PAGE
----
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The literacy learning experiences of struggling bilingual learners. Tony Cline University College London 25 June 2009. Plan of the presentation. Development of Morton & Frith’s causal modelling approach Literacy learning processes for L2 learners

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the literacy learning experiences of struggling bilingual learners

The literacy learning experiences of struggling bilingual learners

Tony Cline

University College London

25 June 2009

plan of the presentation
Plan of the presentation
  • Development of Morton & Frith’s causal modelling approach
  • Literacy learning processes for L2 learners
  • Literacy learning difficulties in an L2 school
  • Affective factors that impact on the learning process in L2
who are we concerned with
Who are we concerned with?
  • Primarily minority pupils in a mainly monolingual society who are learning to read and write in their second or third language.
  • Not children who have established reading skills in L1 and then learn to read in L2 or L3 as part of a modern foreign language curriculum or within an immersion programme in a bilingual society or as a result of immigration.
slide8

Interactive Factors Framework for Haroon (DECPsy Group 2006)

Environmental

Haroon is learning EAL - home language is Punjabi

Father works away from home a lot

Biological

Motor-coordination difficulties

Overweight

Mother is worried about his reading and writing, ‘I can’t help him because I can’t speak English very well and find reading and writing hard’

Cognitive

Shy character

Reading comprehension difficulties

Affective

Poor development of metacognitive reading strategies

Phonological difficulties

Low self-esteem

Receptive language difficulties

Poor working memory

Enjoys numeracy

Behavioural

Very slow progress in reading/spelling and emergent writing very difficult

Reads his book to his brother at home

Cries a lot in the playground

Class teacher believes his progress is slow and is unsure of how to support him

Haroon says, ‘I am rubbish at this’ and ‘I can’t do anything’

Contributes more and is making progress in numeracy

Can be stubborn and refuse to try

Poorly developed secretarial skills

LSA provides some support

slide9
Development of Morton & Frith’s causal modelling approach
  • Literacy learning processes for L2 learners
  • Literacy learning difficulties in an L2 school
  • Affective factors that impact on the learning process in L2
foci of research on l2 literacy learning
Foci of research on L2 literacy learning
  • Interest in distinct features of L1 and L2 as factors in literacy learning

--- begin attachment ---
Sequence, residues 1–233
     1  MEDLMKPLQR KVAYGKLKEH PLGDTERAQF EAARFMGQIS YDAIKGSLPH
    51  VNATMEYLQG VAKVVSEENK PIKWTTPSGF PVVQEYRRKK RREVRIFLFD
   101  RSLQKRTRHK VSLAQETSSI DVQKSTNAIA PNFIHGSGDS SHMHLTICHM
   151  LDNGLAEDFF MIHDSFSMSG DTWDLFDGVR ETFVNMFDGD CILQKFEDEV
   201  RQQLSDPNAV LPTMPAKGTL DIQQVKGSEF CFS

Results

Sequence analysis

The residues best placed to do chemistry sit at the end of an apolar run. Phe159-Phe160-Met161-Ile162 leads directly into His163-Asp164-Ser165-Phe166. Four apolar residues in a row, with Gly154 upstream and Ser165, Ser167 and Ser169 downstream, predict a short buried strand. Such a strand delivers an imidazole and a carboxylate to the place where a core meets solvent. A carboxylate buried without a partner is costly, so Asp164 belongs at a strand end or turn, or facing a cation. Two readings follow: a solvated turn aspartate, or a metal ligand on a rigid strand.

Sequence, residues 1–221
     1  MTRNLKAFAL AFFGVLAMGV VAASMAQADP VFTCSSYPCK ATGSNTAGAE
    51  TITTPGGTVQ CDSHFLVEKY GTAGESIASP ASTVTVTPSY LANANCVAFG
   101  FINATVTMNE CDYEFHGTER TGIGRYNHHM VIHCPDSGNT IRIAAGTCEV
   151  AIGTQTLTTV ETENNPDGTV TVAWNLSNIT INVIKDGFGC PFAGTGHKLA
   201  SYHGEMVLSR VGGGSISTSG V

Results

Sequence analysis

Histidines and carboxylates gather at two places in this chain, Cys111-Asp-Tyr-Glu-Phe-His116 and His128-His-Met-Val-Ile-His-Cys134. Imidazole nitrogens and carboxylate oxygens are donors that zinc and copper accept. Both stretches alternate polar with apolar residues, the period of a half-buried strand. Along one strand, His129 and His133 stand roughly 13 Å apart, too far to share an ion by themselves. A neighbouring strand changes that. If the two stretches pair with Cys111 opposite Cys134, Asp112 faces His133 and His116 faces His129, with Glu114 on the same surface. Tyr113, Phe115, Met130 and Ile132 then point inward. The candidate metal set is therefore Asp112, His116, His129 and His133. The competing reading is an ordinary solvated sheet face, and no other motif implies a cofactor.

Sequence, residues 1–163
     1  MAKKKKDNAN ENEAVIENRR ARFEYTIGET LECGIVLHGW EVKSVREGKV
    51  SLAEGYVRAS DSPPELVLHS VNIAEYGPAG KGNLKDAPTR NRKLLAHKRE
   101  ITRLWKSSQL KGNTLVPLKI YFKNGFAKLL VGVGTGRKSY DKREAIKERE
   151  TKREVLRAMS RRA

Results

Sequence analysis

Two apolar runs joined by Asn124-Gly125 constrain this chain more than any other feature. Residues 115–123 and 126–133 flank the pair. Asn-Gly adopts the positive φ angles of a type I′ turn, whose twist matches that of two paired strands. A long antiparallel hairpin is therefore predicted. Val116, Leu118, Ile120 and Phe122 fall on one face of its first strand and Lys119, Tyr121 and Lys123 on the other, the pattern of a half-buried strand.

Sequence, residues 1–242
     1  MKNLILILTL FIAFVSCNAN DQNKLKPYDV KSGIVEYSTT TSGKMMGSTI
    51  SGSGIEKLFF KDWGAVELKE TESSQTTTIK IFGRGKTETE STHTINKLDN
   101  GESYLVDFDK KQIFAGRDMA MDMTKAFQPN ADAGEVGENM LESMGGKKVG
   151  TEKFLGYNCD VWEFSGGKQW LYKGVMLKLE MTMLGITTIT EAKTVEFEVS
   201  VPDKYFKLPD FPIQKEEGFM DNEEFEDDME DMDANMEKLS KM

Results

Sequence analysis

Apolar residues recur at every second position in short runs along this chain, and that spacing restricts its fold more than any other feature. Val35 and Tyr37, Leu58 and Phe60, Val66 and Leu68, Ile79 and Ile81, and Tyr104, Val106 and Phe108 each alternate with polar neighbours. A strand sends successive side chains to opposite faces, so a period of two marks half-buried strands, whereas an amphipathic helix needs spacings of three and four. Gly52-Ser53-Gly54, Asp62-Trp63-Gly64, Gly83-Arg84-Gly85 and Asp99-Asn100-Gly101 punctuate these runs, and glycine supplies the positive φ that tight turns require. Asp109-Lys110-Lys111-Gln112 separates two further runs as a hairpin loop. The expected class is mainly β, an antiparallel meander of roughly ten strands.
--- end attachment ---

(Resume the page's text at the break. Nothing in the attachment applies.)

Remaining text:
• Studies of literacy competence in L1 and L2 (with a focus on skills and decoding) prioritised over studies of literacy use (with a focus on comprehension and engagement)
  • Relative neglect of the learner’s voice and of the personal meaning of having access to print
features of l1 l2 as factors in literacy learning
Features of L1 & L2 as factors in literacy learning
  • Extensive studies of psycholinguistic features, e.g. the consistency of orthographic representation of phonology in Grain Size theory (Goswami)
  • Fewer studies of cultural factors related to L1 and L2, e.g. children’s participation in literacy practices and exposure to print genres that differ markedly between home and school (Gregory, Sneddon)
skill profile in l2 literacy of eal learners in mainly monolingual societies
Skill profile in L2 literacy of EAL learners in mainly monolingual societies
  • Relative strengths in phonological skills and decoding print at the word level
  • Relative weaknesses in reading comprehension and engagement with texts

(Frederickson and Frith, 1998; Cline and Cozens, 1999)

the learners voice
The learners’ voice
  • Hybridity in culture, language……and print

(Burck, 2005)

  • Evaluating learning experiences at school

(Fletcher et al, 2009)

quinlan in her parents take away shop
Quinlan in her parents’ take-away shop

“I actually worked on counter for a little while where my parents had a take-away, and uh, a man came in, a Caucasian man came in, and I said, "can I help you there please", cause by that time, I had completely lost my Cantonese accent, and I have a relatively English accent. He took two giant steps back and said, “Oh my God. You're not Chinese". I found that very, I didn't know whether to find that offensive, whether to find that, it was very difficult to take in. Because I guess um there are a lot of preconceptions about Chinese English, they always speak with an accent, they always work in take-away shops and uh, I think this man was, I don't think he was intending to be offensive, it was just pure ignorance. I don't mean it in a derogatory way.”

the special identity of a foreign accent
The special identity of a “foreign” accent

Estelle: “You see, if I didn’t have an accent, I might feel differently. I might actually forget I’m from France.”

Thérèse: “I like the feeling that I’m not completely English, and I see people like thinking, “oh, you have a nice accent, where are you coming from?” And it’s nice. I like the being different but feeling home in it.”

the personal meaning of l1 and l2 may be influenced by
The personal meaning of L1 and L2 may be influenced by:
  • The developmental stage when a need for L2 impinged on the child’s life
  • The representations of the social significance of each language in family and community

(Burck, 2005)

slide17
Development of Morton & Frith’s causal modelling approach
  • Literacy learning processes for L2 learners
  • Literacy learning difficulties in an L2 school
  • Affective factors that impact on the learning process in L2
slide18
Pasifika students’ perceptions of factors that inhibited successful learning in literacy(Fletcher et al, 2006)
  • A lack of Pasifika resources and learning contexts in their schools
  • Excessive classroom noise